Shya

C/O 2022 Hopeful!
2+ Year Member
Sep 15, 2016
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It w0uld.

The entire application should be internally consistent.

Think about two scenarios, with all other things being equal:

1) Applicant A wants to be a small animal vet, talks about it in the PS. Has 1 (required) vet reference, and then a couple academic references from PhDs who were former instructors.

2) Applicant B wants to be a small animal vet, talks about it in the PS. Has 1 (required) vet reference, another from a professor, but a third from a SA Practice Manager, who is "just" a CVT but who can talk about how applicant B has shown non-stop interest in learning how to run a practice, how to handle ordering/inventory, how to manage budgeting, HR issues, payroll, sensitive client issues, etc.

You really want to be applicant B, even though applicant A has 3 'doctorate'-level references and applicant B only has 2.
The only difference with that though is that she isn't the practice manager. She's just a veterinary assistant who is our shift supervisor. She over-sees everyone on OUR shift, and she isn't certified. She started out not knowing anything 20 years ago, was hired by our practice, then worked to learn everything on the job to get to where she is now. She has the training and knowledge level of a CVT, but doesn't have the certificate. Is it still the same?
 

pinkpuppy9

Illinois c/o 2019
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Oct 20, 2013
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The only difference with that though is that she isn't the practice manager. She's just a veterinary assistant who is our shift supervisor. She over-sees everyone on OUR shift, and she isn't certified. She started out not knowing anything 20 years ago, was hired by our practice, then worked to learn everything on the job to get to where she is now. She has the training and knowledge level of a CVT, but doesn't have the certificate. Is it still the same?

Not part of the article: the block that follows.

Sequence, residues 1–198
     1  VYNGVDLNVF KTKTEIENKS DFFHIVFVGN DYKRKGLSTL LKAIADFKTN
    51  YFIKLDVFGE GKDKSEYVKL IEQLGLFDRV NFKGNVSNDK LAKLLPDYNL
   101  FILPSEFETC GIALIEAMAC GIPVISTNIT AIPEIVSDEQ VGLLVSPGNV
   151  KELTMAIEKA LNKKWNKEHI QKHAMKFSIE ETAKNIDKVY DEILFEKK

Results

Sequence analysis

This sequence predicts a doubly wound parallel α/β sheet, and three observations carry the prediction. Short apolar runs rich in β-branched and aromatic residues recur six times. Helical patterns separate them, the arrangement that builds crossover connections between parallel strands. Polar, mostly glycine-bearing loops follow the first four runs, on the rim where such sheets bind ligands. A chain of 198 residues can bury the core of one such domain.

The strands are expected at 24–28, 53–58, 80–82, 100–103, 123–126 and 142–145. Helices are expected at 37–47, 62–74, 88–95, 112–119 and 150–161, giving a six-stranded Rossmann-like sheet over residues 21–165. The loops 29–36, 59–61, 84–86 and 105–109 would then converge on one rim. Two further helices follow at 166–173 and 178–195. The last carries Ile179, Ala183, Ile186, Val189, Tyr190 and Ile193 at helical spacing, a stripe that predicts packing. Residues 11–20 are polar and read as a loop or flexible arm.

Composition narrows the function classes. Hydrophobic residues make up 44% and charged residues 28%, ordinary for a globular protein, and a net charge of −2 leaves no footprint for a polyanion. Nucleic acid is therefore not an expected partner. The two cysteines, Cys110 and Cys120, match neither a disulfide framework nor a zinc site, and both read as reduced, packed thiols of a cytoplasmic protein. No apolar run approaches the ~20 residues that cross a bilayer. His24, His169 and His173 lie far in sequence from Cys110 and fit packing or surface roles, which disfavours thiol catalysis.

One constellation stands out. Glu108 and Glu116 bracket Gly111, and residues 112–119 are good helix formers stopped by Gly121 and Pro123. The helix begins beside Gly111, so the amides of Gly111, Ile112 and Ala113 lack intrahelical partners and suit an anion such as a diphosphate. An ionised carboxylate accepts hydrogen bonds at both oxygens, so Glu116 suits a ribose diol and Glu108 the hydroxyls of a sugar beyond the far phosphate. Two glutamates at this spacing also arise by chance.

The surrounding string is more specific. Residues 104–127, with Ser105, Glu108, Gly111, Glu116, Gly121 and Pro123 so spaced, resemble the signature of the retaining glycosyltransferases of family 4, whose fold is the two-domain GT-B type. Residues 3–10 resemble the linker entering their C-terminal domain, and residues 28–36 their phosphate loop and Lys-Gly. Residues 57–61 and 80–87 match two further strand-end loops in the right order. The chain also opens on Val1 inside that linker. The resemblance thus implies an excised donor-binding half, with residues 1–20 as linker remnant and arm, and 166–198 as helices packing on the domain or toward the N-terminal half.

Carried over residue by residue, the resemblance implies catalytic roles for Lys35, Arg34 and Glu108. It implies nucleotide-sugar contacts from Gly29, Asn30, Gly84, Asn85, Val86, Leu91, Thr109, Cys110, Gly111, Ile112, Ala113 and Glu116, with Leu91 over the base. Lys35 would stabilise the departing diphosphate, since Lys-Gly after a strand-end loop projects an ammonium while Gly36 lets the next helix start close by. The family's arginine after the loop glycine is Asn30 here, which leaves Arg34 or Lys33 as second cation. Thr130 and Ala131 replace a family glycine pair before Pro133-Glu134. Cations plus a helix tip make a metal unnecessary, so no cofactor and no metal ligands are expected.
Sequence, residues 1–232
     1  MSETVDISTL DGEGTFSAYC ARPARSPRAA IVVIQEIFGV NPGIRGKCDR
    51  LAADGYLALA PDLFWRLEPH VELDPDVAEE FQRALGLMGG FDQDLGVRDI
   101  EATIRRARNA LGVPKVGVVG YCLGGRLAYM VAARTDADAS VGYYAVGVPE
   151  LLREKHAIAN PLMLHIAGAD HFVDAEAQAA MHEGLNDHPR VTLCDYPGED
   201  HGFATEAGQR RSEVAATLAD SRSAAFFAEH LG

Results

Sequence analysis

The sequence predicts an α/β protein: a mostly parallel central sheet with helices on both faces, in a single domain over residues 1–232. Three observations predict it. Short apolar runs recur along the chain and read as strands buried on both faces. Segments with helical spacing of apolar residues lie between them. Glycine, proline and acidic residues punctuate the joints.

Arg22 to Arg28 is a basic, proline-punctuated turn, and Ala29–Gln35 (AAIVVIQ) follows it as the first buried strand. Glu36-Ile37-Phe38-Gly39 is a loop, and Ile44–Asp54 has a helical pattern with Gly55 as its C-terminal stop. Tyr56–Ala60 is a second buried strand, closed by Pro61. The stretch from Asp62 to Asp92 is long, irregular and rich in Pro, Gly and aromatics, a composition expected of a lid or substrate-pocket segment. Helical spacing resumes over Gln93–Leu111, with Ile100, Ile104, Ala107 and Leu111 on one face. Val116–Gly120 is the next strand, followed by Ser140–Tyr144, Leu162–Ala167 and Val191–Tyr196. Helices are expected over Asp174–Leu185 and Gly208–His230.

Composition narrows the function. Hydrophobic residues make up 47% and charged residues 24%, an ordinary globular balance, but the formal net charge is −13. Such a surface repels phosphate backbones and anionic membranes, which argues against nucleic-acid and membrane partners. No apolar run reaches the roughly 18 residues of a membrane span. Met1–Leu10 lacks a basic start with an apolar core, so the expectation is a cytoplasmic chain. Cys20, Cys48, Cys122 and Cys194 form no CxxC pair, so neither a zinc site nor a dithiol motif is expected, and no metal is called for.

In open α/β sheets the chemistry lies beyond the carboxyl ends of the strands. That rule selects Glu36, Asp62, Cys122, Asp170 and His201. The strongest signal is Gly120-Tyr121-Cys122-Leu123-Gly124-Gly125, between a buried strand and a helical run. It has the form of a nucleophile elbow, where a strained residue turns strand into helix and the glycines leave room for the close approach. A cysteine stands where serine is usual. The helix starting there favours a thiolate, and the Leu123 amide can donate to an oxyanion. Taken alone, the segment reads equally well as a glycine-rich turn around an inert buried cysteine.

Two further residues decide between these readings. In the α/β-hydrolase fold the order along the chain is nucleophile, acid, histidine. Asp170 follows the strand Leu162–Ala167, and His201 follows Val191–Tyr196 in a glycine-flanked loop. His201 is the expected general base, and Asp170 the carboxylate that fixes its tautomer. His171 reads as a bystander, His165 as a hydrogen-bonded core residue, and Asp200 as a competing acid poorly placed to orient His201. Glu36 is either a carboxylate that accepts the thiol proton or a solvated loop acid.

Idk, I don't think there's a right or wrong answer to this. I think it's going to have to be a judgement call on your part. Generally, it's good to have 'the powers that be' write the letter if they know you and can write a good one. If you call her a veterinary assistant (I think there's a place for job title on VMCAS?), it might come across as strange, especially if she doesn't delve into her career history to explain herself (and she sort of shouldn't, the letter is about you). You could title her as your shift supervisor so it gives the impression that she's in a position of authority at least.

If anything, I'd recommend networking a bit more and expanding your experiences in the future so you're not scrambling to try and find a third person to write you a letter if you have to apply again.
 

Shya

C/O 2022 Hopeful!
2+ Year Member
Sep 15, 2016
27
8
KY
Status
Pre-Veterinary
Idk, I don't think there's a right or wrong answer to this. I think it's going to have to be a judgement call on your part. Generally, it's good to have 'the powers that be' write the letter if they know you and can write a good one. If you call her a veterinary assistant (I think there's a place for job title on VMCAS?), it might come across as strange, especially if she doesn't delve into her career history to explain herself (and she sort of shouldn't, the letter is about you). You could title her as your shift supervisor so it gives the impression that she's in a position of authority at least.

If anything, I'd recommend networking a bit more and expanding your experiences in the future so you're not scrambling to try and find a third person to write you a letter if you have to apply again.
I really appreciate the feedback on this! I ultimately decided not to ask her to write me one, and I hope I didn't give the false impression that I was scrambling to come up with someone to write a letter! I already have my veterinarian, my advisor, and waiting to hear back from my professor. I was just looking for a back up in case one of the above were not able to do it for some reason (I realize now how I wrote my original post would make it sound like I was struggling to find someone, my bad!)